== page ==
A review of Un(der)writing Home: The Politics of Belonging in the Modern Literatures of Iran and the Maghreb, by Guilan Siassi.
In bringing together Persophone writers of Iran and Francophone writers of the Maghreb, Guilan Siassi’s dissertation pushes the limits of comparative literature, Francophone studies, and area studies by positing a new approach to the study of contemporary “minor literatures.” Theoretically informed and historically contextualized, Siassi’s study addresses concepts of exile, home, and identity, and draws from a range of literary critics and authors of prose fiction to develop a theory of “un(der)writing,” which she defines as “an analytic tool to expose the ‘ghosts’ that emerge symptomatically in narrative representations of home and enables reading practices that are attentive to the self-deconstructive tendencies of literature in general” (p. xi). The concept effectively allows Siassi to tease out the often contradictory and the paradoxical impulses that underscore the texts she analyzes.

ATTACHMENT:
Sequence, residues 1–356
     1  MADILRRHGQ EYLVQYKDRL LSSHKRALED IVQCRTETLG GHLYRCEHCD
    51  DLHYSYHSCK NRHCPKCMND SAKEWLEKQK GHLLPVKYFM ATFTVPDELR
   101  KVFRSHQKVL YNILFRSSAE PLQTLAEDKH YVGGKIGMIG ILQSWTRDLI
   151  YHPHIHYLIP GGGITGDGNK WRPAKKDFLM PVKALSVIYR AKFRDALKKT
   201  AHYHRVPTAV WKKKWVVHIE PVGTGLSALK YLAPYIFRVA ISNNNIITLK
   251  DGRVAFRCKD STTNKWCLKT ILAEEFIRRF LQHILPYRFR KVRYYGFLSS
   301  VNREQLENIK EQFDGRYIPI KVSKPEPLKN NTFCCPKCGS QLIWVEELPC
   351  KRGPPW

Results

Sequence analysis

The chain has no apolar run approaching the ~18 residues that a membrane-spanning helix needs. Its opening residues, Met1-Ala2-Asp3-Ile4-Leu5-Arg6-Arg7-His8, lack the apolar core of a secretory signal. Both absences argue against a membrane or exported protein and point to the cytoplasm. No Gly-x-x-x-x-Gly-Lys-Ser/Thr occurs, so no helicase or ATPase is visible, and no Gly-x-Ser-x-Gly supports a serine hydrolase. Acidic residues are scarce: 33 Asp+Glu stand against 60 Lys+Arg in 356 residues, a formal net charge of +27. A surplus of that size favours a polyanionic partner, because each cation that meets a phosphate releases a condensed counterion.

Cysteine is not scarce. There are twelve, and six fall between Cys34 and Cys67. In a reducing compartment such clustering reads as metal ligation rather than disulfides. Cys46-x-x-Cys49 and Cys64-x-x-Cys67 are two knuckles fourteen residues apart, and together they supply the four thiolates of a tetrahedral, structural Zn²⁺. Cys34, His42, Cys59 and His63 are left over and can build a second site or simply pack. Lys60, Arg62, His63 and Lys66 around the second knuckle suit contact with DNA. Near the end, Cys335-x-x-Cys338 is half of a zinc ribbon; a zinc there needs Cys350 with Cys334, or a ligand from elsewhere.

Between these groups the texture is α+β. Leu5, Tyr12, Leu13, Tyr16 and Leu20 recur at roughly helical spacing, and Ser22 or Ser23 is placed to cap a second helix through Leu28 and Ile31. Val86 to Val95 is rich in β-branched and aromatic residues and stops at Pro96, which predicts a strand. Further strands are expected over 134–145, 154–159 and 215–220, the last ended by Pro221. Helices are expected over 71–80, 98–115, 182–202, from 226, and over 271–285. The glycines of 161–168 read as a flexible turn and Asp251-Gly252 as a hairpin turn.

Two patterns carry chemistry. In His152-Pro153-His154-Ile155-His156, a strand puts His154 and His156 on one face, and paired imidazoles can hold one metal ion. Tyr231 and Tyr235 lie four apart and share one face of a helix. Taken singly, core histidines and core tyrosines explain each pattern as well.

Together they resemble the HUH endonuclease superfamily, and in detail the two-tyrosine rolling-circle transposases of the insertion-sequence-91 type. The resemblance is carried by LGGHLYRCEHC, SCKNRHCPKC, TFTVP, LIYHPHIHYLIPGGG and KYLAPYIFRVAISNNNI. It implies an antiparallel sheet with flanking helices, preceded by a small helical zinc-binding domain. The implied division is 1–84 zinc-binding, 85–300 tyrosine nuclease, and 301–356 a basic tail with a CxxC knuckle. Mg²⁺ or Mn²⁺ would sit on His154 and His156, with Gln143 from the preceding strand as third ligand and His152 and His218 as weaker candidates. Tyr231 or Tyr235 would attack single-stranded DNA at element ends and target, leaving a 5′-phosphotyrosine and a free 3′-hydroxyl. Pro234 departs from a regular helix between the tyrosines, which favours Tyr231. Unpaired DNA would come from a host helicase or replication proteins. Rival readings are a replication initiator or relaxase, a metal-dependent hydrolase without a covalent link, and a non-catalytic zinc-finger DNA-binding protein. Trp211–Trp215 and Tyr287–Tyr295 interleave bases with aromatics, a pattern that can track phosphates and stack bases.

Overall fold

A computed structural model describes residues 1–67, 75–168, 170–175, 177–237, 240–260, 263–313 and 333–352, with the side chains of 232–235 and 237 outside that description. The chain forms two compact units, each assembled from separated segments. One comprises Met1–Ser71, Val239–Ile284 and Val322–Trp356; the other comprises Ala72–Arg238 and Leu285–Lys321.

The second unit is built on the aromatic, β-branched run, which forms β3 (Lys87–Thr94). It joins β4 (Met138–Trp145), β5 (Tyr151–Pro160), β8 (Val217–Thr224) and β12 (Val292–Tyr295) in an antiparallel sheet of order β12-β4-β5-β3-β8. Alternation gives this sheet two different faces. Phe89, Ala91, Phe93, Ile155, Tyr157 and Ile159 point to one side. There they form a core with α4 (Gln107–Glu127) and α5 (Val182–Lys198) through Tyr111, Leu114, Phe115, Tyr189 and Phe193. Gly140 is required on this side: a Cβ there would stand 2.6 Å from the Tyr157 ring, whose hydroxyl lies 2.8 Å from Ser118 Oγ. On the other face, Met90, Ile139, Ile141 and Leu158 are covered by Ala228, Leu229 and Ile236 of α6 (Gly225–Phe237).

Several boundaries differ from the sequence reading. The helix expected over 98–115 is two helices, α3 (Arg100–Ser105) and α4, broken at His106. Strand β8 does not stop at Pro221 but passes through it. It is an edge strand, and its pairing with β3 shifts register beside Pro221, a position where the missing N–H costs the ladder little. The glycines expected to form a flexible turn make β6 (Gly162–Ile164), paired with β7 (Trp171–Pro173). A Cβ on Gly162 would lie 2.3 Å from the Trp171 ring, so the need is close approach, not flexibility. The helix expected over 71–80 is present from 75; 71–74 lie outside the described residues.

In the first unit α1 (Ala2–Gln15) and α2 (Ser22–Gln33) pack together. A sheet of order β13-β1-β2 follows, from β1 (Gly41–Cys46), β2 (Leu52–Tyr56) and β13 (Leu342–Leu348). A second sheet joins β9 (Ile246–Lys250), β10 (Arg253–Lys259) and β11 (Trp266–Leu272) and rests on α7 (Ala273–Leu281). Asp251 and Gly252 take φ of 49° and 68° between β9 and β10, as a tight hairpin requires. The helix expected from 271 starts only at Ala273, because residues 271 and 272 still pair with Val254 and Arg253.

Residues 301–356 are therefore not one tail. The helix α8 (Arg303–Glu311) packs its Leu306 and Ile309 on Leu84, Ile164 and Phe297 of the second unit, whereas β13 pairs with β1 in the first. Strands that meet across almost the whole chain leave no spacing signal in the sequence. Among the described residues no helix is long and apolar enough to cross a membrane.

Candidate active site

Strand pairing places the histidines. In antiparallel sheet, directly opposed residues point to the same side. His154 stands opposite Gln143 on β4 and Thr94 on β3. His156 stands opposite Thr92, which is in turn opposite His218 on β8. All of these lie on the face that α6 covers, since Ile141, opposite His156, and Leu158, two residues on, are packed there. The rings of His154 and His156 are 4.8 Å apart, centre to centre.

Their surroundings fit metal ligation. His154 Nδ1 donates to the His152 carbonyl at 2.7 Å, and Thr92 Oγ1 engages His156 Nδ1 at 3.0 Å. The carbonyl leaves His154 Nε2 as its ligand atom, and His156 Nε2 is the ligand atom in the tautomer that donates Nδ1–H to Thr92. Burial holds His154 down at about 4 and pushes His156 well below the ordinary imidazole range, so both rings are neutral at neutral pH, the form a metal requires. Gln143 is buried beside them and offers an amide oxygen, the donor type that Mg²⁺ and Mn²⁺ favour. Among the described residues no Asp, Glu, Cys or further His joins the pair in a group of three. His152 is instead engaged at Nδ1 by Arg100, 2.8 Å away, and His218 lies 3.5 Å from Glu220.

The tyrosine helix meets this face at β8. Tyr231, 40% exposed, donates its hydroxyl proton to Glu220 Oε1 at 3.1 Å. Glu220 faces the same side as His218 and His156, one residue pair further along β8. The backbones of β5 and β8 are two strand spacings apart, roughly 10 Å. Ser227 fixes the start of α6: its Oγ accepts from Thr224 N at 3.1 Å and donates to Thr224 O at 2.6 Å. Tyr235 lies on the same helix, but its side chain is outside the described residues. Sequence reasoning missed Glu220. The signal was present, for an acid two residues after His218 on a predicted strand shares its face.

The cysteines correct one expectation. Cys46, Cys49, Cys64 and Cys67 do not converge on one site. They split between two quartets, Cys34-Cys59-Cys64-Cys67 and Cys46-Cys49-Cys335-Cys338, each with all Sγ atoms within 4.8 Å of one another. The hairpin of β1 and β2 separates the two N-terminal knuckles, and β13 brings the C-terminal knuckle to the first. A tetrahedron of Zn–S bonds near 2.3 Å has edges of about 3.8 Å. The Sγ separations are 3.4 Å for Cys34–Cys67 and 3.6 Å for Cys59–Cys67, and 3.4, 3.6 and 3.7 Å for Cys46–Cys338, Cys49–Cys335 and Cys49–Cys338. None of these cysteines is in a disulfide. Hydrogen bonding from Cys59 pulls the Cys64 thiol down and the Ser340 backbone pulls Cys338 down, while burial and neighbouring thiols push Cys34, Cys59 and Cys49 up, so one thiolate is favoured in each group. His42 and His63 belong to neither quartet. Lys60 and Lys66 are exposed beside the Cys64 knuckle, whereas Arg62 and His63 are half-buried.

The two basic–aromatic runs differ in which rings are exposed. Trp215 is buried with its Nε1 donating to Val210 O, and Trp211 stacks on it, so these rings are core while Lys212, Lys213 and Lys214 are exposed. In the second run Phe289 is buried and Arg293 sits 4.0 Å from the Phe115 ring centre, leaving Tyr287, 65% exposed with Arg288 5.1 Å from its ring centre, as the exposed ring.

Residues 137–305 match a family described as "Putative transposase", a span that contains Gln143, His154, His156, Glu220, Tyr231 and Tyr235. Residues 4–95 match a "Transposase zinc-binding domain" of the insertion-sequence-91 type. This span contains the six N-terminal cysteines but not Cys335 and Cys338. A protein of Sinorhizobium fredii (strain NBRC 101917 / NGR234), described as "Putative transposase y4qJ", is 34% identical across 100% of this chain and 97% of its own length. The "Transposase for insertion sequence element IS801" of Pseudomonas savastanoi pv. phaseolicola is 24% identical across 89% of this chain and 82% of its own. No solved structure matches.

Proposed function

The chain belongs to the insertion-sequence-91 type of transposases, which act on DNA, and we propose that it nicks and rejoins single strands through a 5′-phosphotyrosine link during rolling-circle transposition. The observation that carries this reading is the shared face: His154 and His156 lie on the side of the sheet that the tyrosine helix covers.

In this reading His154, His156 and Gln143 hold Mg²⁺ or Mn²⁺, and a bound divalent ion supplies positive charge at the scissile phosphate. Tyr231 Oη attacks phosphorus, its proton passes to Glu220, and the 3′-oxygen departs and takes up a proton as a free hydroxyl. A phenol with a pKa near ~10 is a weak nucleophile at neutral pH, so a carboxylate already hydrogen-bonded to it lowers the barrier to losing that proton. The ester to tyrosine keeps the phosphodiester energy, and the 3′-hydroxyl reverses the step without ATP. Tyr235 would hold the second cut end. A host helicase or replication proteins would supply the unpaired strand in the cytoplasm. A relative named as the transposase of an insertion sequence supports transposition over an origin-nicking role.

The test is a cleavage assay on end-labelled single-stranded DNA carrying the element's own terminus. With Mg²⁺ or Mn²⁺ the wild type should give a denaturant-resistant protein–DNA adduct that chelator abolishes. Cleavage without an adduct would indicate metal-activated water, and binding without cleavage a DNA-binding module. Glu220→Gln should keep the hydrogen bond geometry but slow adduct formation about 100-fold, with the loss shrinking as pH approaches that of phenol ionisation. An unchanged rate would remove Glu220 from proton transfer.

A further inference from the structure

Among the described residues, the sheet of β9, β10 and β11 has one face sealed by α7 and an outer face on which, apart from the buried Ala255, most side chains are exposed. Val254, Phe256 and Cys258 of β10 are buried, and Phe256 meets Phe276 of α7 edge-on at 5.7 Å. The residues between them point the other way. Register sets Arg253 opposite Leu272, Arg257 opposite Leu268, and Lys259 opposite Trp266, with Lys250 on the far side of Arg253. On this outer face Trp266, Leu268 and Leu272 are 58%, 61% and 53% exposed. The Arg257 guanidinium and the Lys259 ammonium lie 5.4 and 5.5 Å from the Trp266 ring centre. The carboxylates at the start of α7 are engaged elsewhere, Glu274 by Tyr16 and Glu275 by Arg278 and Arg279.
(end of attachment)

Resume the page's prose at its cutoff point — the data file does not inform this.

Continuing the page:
In Chapter 1, “The Languages of Home: Linguistics and Literary Communities in Iran and the Maghreb,” Siassi puts the literatures of the Maghreb and Iran into a comparative perspective, shedding light on “the asymmetric but complementary development of literary modernism from the period of nation-building in each region through the current day” (p. 36). Drawing from the problematic and often overlooked chapter of Benedict Anderson’s Imagined Communities “Patriotism and Racism,” she examines the work of Moroccan author Abdelkebir Khatibi and Iranian author Muhammad Ali Jamalzadeh, highlighting a shared vocabulary rooted in the lexicon of “familial intimacy and a mythos of shared linguistic identity” (p. 44). It becomes apparent that both writers use language as the primary medium through which to build an imagined community, but do so in completely contrasting ways. Jamalzadeh invokes a form of linguistic democratization by issuing a challenge to the problems of diglossia that afflicted Iran in the early twentieth century, while Khatibi sees the polyglossia of the transnational Maghreb as a source of unity centered on the “psycho-linguistic experience” (p. 74) of Moroccans, Algerians, and Tunisians. While Anderson and Khatibi are shown to be preoccupied with the importance of the mother tongue, Khatibi transcends that with the idea of being at home with the cosmopolitan polyphony of North Africa. The contrasting view that Siassi brings to the table with her comparative reading of both authors underscores the importance of language and national identity, two themes with which Maghrebi and Iranian writers of later generations have remained engrossed.